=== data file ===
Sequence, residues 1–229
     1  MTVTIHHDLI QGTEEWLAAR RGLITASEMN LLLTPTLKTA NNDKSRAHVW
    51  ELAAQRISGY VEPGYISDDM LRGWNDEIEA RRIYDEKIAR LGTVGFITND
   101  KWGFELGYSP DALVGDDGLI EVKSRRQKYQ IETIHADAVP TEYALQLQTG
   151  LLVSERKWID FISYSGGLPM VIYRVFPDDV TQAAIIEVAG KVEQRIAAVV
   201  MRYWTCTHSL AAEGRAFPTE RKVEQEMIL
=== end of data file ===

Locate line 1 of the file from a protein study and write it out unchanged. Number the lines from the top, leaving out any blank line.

Sequence, residues 1–229